Is Social Media a Crack House?
Every day, someone quits social media. Comedian Taylor Tomlinson joked about how these noble announcements usually come via Twitter or Instagram. Luckily for me, I am old enough to remember life without social media, and I never picked up the habit. I have managed to stay away from Twitter, Facebook, and Instagram, and I won’t ever use anything called “Meta,” out of fear/principle, although admittedly I could be using it right now and not even know.
When Twitter was released in 2006, everyone was supposed to post what they were doing, but I didn’t understand the concept. Wasn’t everyone, at that particular moment, simply #tweeting?
In the world’s first-ever tweet, former Twitter CEO Jack Dorsey wrote, “just setting up my twttr.” Exactly. Jack totally gets me.
I’m not a technophobe. I own cryptocurrency that isn’t Bitcoin and I almost understand how the blockchain works. My problem is with social media specifically. We have been forced into a grand experiment, and nobody bothered to develop a hypothesis. Or rather, some dudes in California developed an incomplete hypothesis — that social media leads to more connection — but they didn’t finish the sentence. Connection and revolution? Fear of speaking freely? Bullying? Disinformation? And on and on. To borrow a term from Cal Newport, these “nerd gods” were not well-equipped to predict the outcomes, especially since they were invested in the success of social media, not in the success of society.
Social psychologist and professor Jonathan Haidt wrote in a recent Atlantic article, “Why the Past 10 Years of American Life Have Been Uniquely Stupid,” that the addition of “Like,” “Retweet,” and “Share” buttons in the late aughts changed social media for the worse. What was formerly used to share baby pictures and pet videos became something else entirely.
“Facebook developed algorithms to bring each user the content most likely to generate a “like” or some other interaction, eventually including the “share” as well. Later research showed that posts that trigger emotions––especially anger at out-groups––are the most likely to be shared.”
He goes on to say that this new dynamic — one that encourages users to maximize the number of likes, shares, and retweets — drives people to post content that triggers anger:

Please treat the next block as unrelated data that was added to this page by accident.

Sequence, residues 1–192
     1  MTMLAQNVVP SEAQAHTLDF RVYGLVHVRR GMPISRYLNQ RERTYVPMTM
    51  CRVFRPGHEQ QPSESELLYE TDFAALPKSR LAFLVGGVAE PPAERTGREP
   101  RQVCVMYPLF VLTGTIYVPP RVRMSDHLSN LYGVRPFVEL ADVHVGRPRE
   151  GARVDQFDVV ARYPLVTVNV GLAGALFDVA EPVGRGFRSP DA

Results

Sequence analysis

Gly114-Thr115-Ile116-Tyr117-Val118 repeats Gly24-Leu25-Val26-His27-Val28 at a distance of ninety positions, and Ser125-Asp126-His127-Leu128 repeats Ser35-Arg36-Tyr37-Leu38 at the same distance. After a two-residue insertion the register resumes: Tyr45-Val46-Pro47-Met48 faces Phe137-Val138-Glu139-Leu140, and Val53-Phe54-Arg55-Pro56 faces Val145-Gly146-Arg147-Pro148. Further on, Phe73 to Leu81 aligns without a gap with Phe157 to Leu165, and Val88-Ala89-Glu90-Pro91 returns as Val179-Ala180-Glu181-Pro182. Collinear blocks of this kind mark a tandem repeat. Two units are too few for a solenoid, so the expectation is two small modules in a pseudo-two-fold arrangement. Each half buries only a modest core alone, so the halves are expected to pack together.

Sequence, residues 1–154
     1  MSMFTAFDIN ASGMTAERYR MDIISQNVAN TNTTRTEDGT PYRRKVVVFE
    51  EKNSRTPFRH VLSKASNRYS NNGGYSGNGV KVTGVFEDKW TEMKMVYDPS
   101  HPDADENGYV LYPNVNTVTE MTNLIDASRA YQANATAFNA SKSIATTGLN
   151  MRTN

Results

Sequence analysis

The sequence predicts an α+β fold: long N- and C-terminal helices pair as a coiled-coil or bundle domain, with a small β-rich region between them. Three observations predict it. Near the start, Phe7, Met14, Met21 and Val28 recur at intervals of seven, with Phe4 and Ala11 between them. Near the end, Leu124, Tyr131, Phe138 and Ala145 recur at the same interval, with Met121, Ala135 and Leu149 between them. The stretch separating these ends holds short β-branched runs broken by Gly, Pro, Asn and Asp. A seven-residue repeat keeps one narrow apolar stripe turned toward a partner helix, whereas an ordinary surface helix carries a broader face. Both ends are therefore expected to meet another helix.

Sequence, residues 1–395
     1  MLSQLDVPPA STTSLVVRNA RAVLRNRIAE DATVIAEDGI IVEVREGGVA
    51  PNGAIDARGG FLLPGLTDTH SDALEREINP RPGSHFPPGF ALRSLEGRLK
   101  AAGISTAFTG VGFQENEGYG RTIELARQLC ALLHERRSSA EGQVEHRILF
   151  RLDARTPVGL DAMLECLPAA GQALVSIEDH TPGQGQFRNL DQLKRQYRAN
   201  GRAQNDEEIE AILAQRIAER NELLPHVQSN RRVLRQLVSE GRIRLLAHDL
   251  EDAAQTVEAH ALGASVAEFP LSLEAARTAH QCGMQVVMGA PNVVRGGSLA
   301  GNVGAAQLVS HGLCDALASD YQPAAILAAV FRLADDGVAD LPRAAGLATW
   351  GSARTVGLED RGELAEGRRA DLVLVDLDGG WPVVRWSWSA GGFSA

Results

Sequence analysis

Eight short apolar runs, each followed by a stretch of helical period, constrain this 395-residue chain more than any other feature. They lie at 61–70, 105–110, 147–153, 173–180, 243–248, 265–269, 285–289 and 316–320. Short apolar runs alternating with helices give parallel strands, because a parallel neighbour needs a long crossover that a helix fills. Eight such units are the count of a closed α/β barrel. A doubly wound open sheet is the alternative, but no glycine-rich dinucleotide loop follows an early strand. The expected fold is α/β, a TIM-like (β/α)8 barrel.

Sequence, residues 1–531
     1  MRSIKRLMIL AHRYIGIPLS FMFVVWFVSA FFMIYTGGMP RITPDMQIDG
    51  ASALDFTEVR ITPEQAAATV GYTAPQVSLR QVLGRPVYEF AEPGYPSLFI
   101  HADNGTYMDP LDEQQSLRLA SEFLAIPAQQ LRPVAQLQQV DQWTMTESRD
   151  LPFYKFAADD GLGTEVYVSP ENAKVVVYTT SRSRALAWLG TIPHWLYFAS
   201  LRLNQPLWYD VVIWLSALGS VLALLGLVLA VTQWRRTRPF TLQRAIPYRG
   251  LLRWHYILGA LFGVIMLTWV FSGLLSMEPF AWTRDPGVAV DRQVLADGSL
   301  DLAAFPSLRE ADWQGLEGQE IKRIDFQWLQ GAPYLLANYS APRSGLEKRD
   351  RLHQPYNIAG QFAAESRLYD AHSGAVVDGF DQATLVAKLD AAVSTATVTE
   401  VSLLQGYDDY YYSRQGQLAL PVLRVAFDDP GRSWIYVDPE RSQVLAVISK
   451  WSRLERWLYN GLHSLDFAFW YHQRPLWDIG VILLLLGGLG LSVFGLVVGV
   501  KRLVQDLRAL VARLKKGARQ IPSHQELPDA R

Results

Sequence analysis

“Users were guided not just by their true preferences but by their past experiences of reward and punishment, and their prediction of how others would react to each new action. This has created increasing vitriol on social media over the past decade.”
In addition to the increased vitriol, getting likes and retweets made social media even more addictive by hijacking the reward centers of our brains. In his book Digital Minimalism, Georgetown associate professor Cal Newport writes,
“The tycoons of social media have to stop pretending that they’re friendly nerd gods building a better world and admit they’re just tobacco farmers in T-shirts selling an addictive product to children. Because, let’s face it, checking your “likes” is the new smoking."
Someone once said that social media is a crack house. With the advent of engagement buttons, we get a hit of dopamine — the pleasure and reward hormone — every time our post is liked or shared. We can’t stop, even though the pleasure is fleeting and we eventually feel like crap.
I don’t judge people for using social media. Like vegetarianism, I agree with not using social media in theory. I will complain about how the meat industry accounts for 15 percent of global warming while eating pork ribs, and I don’t fault people for using social media even though it is causing the collapse of democracy.
Plus, I wasn’t completely honest about using social media. I use LinkedIn, although I’d argue it’s not like other social media, because let’s face it, no one feels jealous when someone gets an award for Institutional Investor of the Year. There is no FOMO happening when we miss the (shockingly) popular Audit and Income Tax Conference. Maybe in this way, LinkedIn is the marijuana of social media addiction. After using it, you just feel tired and in the mood for Cheetos.
No one knows what the future holds, but our understanding of the harm social media can do seems to be growing. And you know what they say: Admitting we have a problem is the first step in recovery. As former Buzzfeed journalist Ryan Broderick wrote in his newsletter,
“People don’t enjoy websites anymore because there’s only 5 left and they all realized that it’s more profitable to piss people off. And this is especially true for Twitter! Twitter has ruined more lives than any other website that has maybe ever existed…”
It’s been a long time since Jack set up his Twitter account. It’s taken me a while, but I think I finally understand how social media works.